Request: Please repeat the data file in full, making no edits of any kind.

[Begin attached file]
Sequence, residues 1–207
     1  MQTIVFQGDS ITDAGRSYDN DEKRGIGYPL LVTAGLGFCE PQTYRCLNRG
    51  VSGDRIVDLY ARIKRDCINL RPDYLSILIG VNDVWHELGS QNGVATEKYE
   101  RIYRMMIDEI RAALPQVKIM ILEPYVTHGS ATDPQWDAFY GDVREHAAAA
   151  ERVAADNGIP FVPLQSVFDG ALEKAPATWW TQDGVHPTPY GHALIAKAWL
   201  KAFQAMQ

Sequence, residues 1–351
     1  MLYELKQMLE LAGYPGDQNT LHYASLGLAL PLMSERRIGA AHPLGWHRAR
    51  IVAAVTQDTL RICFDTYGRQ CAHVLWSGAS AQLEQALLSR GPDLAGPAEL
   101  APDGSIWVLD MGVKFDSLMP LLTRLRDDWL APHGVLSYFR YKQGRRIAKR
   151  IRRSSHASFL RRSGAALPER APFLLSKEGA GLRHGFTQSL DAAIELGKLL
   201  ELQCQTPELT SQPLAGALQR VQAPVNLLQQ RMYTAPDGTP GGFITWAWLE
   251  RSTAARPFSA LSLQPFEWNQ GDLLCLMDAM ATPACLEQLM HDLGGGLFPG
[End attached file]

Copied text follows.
Sequence, residues 1–207
     1  MQTIVFQGDS ITDAGRSYDN DEKRGIGYPL LVTAGLGFCE PQTYRCLNRG
    51  VSGDRIVDLY ARIKRDCINL RPDYLSILIG VNDVWHELGS QNGVATEKYE
   101  RIYRMMIDEI RAALPQVKIM ILEPYVTHGS ATDPQWDAFY GDVREHAAAA
   151  ERVAADNGIP FVPLQSVFDG ALEKAPATWW TQDGVHPTPY GHALIAKAWL
   201  KAFQAMQ

Sequence, residues 1–351
     1  MLYELKQMLE LAGYPGDQNT LHYASLGLAL PLMSERRIGA AHPLGWHRAR
    51  IVAAVTQDTL RICFDTYGRQ CAHVLWSGAS AQLEQALLSR GPDLAGPAEL
   101  APDGSIWVLD MGVKFDSLMP LLTRLRDDWL APHGVLSYFR YKQGRRIAKR
   151  IRRSSHASFL RRSGAALPER APFLLSKEGA GLRHGFTQSL DAAIELGKLL
   201  ELQCQTPELT SQPLAGALQR VQAPVNLLQQ RMYTAPDGTP GGFITWAWLE
   251  RSTAARPFSA LSLQPFEWNQ GDLLCLMDAM ATPACLEQLM HDLGGGLFPG